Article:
In Rwanda, Poaching Replaced By Collaboration and Incentives
Government efforts to circumvent poaching by providing a range of financial incentives to local villagers is enjoying success in Rwanda.
Article written by guest writer Kecia Lynn
What's the Latest Development?
The Rwandan Development Board (RDB) has created several initiatives designed to involve local residents in the protection of the country's natural resources while also providing financial benefits to their communities. One notable success story involves the villages surrounding the Sabyinyo volcano. Participants in a community trust, many of them former poachers, enjoy new homes and a new cultural center, among other things, in exchange for assisting with improving tourism and socioeconomic development in the area. "[The trust] owns a luxury tourist lodge, whose profits [are] reinvested directly in local development and conservation initiatives."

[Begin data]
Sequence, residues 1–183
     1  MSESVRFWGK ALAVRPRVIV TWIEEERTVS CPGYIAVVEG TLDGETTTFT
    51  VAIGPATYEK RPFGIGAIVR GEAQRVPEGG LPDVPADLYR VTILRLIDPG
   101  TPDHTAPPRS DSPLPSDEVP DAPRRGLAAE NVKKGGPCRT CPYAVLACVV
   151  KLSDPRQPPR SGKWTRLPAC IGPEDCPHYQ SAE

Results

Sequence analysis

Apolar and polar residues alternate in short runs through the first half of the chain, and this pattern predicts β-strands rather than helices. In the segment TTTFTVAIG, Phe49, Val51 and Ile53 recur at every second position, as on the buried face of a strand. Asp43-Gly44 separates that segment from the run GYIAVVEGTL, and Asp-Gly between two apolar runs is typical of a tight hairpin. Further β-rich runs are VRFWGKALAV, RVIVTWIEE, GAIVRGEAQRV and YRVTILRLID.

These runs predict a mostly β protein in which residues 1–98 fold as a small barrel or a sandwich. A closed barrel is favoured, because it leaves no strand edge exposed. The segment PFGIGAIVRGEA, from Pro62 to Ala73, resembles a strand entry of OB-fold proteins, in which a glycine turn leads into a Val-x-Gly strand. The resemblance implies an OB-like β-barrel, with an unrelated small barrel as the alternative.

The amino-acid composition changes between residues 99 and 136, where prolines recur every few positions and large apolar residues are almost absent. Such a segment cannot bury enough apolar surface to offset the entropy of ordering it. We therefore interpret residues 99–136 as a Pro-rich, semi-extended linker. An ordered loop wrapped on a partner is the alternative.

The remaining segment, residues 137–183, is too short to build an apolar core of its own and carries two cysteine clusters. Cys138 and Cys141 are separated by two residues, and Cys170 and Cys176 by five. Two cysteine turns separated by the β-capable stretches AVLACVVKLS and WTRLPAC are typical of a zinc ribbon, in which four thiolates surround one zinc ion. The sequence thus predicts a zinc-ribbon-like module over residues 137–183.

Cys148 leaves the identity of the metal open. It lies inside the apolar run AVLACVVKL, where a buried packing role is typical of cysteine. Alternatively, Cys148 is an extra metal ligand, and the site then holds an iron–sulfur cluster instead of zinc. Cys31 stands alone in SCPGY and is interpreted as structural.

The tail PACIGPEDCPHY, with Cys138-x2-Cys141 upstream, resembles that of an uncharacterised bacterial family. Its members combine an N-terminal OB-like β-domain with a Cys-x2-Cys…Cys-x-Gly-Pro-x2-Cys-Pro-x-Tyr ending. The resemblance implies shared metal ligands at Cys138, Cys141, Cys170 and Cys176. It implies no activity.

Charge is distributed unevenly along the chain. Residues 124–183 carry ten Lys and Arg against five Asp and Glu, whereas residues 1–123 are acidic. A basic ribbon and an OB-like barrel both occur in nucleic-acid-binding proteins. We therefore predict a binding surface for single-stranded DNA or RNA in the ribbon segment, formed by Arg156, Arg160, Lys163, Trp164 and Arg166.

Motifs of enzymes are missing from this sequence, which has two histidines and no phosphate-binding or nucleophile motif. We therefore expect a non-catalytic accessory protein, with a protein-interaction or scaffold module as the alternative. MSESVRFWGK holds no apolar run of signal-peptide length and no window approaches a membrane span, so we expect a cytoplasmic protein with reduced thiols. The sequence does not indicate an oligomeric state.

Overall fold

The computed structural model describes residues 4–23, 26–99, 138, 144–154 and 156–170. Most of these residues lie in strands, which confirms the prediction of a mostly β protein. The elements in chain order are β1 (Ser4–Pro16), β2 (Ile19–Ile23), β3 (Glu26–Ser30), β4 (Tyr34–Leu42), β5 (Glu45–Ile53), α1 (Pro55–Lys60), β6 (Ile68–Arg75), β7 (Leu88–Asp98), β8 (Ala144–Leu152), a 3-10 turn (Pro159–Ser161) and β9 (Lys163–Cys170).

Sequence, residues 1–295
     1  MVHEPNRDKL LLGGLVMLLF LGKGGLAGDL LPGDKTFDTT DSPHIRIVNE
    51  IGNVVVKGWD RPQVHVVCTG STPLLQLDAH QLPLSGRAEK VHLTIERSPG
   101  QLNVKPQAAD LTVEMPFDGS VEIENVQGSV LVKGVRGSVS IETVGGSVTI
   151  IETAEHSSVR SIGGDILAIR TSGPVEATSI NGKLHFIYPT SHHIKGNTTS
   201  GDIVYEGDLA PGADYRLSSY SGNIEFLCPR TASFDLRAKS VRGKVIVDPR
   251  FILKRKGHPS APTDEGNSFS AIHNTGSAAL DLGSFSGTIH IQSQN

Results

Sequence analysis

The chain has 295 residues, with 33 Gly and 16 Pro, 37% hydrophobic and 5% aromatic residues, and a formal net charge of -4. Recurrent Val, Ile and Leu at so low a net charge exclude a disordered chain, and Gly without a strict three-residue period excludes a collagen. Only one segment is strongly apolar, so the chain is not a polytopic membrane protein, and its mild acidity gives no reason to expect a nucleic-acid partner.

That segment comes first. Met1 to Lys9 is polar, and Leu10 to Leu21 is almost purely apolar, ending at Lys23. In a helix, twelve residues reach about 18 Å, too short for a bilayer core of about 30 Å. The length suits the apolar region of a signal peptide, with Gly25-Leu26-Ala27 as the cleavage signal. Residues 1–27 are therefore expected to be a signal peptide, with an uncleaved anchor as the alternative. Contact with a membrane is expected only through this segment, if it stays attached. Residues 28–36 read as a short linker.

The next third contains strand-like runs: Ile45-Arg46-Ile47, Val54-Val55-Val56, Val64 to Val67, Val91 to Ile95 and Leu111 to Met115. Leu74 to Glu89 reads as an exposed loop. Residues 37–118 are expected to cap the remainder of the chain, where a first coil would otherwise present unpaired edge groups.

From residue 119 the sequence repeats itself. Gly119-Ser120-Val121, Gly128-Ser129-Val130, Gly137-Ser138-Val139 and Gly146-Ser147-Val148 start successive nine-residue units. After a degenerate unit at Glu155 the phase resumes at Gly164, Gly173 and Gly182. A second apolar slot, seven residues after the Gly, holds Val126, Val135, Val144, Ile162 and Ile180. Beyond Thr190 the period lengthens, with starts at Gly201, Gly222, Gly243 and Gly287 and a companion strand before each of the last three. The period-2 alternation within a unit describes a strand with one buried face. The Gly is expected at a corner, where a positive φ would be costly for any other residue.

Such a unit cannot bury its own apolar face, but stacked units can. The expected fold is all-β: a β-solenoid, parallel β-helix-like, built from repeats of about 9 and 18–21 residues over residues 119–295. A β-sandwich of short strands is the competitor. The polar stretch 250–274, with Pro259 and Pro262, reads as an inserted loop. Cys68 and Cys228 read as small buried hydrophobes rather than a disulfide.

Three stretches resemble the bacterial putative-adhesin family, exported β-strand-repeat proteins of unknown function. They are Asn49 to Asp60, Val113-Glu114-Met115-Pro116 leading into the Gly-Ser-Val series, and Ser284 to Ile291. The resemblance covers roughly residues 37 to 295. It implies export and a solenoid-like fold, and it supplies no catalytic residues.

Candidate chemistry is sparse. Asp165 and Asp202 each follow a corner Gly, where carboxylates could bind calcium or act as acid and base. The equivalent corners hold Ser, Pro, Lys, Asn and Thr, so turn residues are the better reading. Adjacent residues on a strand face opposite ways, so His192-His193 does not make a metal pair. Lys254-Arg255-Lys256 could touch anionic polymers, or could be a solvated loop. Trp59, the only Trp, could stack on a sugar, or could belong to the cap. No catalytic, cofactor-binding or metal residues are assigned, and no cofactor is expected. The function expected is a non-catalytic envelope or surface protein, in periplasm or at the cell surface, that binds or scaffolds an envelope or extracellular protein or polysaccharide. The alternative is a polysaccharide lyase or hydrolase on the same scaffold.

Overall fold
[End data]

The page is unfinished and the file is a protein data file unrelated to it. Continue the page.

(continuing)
What's the Big Idea?
The RDB's tourism department used to spend much of its energy in securing park borders to protect it from poachers, but the decision to provide economic incentives has proven to be an effective alternative. The head of conservation at Volcanoes National Park, a mountain gorilla habitat, says, "It’s a way of integrating [former poachers] into the park conservation process, to make them more responsible by working with them closely." One villager who used to cut the park's bamboo says, "I was always at risk of being shot by a park ranger...Conservation has been good to me."
Photo Credit: Shutterstock.com
Universities claim to prepare students for the world. How many actually do it?